12 Days of Anime – #11 Fantastic Additions to the Sports Genre

It’s Christmas Eve!!! One more day!!!!!

2016 has truly been a fantastic year for fans of sports anime, as we’ve been gifted several unique additions to the genre, as well as quite a few sequels and staples. The shows discussed here today are the ones that stood out the most to me, and oddly enough all aired this past fall. I also think they would make the perfect recommendations for people who usually avoid sports anime. These anime dodge one of the most undesired aspects of the genre: overly drawn out matches. Opting for performances either given in real time or in snapshots, they move at a much quicker pace without sacrificing attention to the details that matter most to each of them. For those of you wondering, I did try to avoid naming immediate sequels or already decently represented sports (Haikyuu!!, DAYS, Battery, etc.).

Yuri!! on Ice is without a doubt my sports anime of the year. It packages so many things that I love with childhood memories of my own ice skating experience. Katsuki Yuri is a 23-year-old figure skater who at the beginning of the anime struggles with performance anxiety and returns home to Japan after having failed at his first attempt at the Grand Prix Final. His dream of skating with idol Victor Nikiforov as an equal seems further than ever. But thanks to his penchant for imitating Victor’s routines and a viral YouTube video, his role model shows up with plans to coach Yuri into success.

This show includes an ample amount of comedy, drama, and…romance?…for the viewer’s constant enjoyment and attention. There honestly hasn’t been a weak episode in the season so far. Essentially every scene contributes to the story and character development, and we see this reflected beautifully in each of Yuri’s performances on the ice. Do yourself a favor and give this anime a try if you haven’t already! And if you live record your reaction, you’ll be right on trend with the rest of the online community 😉


I came precariously close to skipping Keijo!!!!!!!! because of its premise and promotional artwork. Boobs and butts take center stage quite literally as the only permissible weapons in the professional sport of keijo. Young women use their assets to knock opponents off floating structures called “land” into the surrounding water. It looks just as ridiculous as it sounds, but is entertaining in the best ways possible.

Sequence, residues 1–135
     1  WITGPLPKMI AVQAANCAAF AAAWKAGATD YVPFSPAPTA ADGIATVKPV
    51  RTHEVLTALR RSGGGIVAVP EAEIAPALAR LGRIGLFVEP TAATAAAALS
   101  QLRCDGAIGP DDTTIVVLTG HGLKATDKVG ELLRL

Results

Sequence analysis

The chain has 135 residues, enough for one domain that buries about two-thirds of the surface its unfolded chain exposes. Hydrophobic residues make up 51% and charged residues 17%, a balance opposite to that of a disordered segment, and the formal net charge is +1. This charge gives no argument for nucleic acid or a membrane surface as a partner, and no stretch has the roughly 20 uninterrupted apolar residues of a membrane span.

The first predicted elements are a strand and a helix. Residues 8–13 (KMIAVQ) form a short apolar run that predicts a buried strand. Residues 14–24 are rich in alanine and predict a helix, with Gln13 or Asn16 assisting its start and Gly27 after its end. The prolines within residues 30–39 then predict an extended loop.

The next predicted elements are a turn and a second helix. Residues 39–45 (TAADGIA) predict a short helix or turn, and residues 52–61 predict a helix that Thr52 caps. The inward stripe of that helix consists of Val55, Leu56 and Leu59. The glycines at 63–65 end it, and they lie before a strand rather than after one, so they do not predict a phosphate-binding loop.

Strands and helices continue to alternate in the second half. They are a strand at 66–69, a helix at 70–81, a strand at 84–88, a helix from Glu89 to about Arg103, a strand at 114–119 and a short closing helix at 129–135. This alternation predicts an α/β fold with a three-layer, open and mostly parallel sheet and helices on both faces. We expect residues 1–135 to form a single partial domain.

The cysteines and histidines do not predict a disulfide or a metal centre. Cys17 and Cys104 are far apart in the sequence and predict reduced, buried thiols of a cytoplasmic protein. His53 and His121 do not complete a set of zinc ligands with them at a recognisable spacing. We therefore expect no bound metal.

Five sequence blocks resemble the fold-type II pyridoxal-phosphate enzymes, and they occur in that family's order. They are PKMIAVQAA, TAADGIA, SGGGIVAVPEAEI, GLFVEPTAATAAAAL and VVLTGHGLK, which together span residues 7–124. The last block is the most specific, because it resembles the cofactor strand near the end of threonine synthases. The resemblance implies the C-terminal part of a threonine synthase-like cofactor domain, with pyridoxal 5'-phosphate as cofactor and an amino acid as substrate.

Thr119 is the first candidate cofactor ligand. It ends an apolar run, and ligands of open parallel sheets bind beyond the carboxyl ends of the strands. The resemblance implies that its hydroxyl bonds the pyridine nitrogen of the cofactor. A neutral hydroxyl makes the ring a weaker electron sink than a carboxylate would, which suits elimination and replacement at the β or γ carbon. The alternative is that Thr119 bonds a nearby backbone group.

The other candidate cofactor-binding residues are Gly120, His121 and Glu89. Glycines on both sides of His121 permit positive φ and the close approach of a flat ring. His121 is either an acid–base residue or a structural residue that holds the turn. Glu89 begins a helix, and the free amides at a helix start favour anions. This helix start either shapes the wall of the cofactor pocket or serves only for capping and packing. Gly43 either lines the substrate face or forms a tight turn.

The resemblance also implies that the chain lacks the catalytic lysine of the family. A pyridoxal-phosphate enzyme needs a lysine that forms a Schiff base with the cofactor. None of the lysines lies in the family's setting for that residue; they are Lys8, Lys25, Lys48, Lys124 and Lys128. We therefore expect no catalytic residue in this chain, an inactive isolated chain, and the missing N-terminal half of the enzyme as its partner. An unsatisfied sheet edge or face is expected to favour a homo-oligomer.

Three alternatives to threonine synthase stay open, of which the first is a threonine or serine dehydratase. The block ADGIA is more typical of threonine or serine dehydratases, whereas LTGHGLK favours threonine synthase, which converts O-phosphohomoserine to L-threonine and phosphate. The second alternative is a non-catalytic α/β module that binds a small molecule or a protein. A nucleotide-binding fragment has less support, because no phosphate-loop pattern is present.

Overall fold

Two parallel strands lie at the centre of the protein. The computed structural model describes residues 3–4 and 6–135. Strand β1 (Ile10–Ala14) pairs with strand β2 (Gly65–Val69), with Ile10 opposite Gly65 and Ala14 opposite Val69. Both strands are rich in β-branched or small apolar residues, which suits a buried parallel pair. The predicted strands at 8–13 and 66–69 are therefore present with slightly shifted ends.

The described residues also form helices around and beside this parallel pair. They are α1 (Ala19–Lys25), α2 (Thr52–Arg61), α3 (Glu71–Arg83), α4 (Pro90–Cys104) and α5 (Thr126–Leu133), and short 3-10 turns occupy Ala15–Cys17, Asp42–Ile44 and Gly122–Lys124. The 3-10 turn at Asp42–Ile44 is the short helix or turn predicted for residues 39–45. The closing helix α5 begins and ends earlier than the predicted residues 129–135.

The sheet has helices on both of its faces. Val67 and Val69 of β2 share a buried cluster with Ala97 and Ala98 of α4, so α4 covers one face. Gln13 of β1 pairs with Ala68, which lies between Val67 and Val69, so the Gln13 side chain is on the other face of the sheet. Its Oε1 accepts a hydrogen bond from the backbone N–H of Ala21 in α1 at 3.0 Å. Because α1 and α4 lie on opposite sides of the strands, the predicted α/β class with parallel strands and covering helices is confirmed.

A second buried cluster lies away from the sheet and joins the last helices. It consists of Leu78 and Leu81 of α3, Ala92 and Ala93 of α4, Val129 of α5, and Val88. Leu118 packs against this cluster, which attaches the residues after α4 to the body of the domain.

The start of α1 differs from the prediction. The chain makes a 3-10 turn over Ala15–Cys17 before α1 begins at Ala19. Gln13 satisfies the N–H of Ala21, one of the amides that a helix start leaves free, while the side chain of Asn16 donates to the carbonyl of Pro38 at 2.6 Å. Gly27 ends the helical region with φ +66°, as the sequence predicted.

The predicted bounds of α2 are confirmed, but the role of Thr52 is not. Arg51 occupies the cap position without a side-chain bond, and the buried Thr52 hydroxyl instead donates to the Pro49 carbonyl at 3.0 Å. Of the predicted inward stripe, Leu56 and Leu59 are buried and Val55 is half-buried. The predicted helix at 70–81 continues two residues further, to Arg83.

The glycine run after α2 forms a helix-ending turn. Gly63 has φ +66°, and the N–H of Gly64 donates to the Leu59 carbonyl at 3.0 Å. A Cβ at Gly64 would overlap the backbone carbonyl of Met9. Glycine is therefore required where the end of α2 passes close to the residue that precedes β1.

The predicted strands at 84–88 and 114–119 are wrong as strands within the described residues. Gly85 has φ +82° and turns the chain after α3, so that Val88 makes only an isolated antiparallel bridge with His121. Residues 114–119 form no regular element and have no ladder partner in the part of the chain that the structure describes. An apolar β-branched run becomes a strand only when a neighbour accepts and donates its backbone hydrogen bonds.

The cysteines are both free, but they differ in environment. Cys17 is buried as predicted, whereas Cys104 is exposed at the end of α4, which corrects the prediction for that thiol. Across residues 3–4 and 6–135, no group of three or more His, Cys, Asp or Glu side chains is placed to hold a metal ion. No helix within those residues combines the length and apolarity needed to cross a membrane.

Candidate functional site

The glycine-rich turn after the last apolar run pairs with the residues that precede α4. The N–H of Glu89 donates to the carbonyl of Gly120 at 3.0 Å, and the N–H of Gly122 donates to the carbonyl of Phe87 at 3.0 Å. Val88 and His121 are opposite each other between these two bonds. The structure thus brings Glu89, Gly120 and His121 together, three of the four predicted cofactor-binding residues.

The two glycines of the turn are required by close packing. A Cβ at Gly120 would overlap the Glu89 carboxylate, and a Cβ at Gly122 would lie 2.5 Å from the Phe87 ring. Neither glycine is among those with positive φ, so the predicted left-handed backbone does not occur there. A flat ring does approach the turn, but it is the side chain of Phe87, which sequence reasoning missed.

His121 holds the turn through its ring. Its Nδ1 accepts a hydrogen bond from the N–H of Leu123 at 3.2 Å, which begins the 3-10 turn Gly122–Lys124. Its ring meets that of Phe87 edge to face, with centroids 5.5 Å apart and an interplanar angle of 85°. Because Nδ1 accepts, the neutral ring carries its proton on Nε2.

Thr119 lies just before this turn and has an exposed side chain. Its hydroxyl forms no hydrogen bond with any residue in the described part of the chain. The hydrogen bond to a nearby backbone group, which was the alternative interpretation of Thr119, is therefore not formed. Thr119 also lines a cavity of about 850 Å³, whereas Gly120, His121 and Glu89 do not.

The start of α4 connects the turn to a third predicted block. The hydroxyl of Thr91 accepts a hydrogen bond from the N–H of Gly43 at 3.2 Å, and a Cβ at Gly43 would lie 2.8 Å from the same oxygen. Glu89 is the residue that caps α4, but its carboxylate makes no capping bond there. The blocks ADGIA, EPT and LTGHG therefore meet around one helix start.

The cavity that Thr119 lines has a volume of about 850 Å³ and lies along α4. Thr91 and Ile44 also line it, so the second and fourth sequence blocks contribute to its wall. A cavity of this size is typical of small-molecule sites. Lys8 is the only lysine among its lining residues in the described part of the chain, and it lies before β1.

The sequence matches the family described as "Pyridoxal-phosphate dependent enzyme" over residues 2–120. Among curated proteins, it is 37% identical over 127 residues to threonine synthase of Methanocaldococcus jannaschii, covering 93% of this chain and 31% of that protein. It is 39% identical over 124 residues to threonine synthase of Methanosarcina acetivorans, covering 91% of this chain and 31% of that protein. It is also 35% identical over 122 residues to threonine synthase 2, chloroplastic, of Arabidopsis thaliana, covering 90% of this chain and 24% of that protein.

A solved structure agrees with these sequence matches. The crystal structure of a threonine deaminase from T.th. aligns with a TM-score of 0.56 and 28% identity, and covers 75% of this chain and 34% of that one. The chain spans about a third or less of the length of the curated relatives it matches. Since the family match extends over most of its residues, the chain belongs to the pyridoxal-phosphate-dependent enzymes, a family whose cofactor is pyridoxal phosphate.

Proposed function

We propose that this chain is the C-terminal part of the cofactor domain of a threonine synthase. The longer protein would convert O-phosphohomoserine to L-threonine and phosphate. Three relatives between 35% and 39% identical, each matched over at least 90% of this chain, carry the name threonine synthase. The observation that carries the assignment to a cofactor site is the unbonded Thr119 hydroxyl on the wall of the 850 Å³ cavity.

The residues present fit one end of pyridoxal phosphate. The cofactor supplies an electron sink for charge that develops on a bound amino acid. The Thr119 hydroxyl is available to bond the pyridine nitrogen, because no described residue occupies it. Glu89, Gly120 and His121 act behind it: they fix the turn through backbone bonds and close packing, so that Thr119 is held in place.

While I had the first episode on my list to try, I didn’t get around to actually watching it until Crisu taunted me by saying, “Try 60 seconds and let me know what you think.” He was right. It takes a mere minute to determine whether or not you’ll enjoy this show, since the anime opens straight into a keijo match where swimsuit-clad girls bump bums and tits. What sets this show above is its very serious treatment of the subject matter. I’m not saying that there’s no comedy, because there’s ton of it. Keijo simply addresses the sport as legitimate and respected. Media looking to catch on to the next hot thing appropriately follows would-be professional athletes. Games are televised, and there are entire schools dedicated to training keijo skills. The various women’s strengths are displayed fairly realistically at the start, but eventually start to turn into almost legendary magic–one girl’s boob swaying hypnotizes her opponents straight into the water, while another girl’s butt rushes on its prey like a hunting dog, defying all physics. If titty hypnosis and Cerberus buttocks interest you, watch Keijo!!!!!!!! and thank me later.


ViVid Strike! almost completely missed my radar since it can only be found on Amazon Prime UK. The show is also the most recent addition to the Mahou Shoujo Lyrical Nanoha franchise, but, like its immediate prequel, Mahou Shoujo Lyrical Nanoha ViVid veers far from the style and setting of the main series. The ViVid and ViVid Strike events take place in a now peaceful world where magic and battle arts are used for recreation and not war.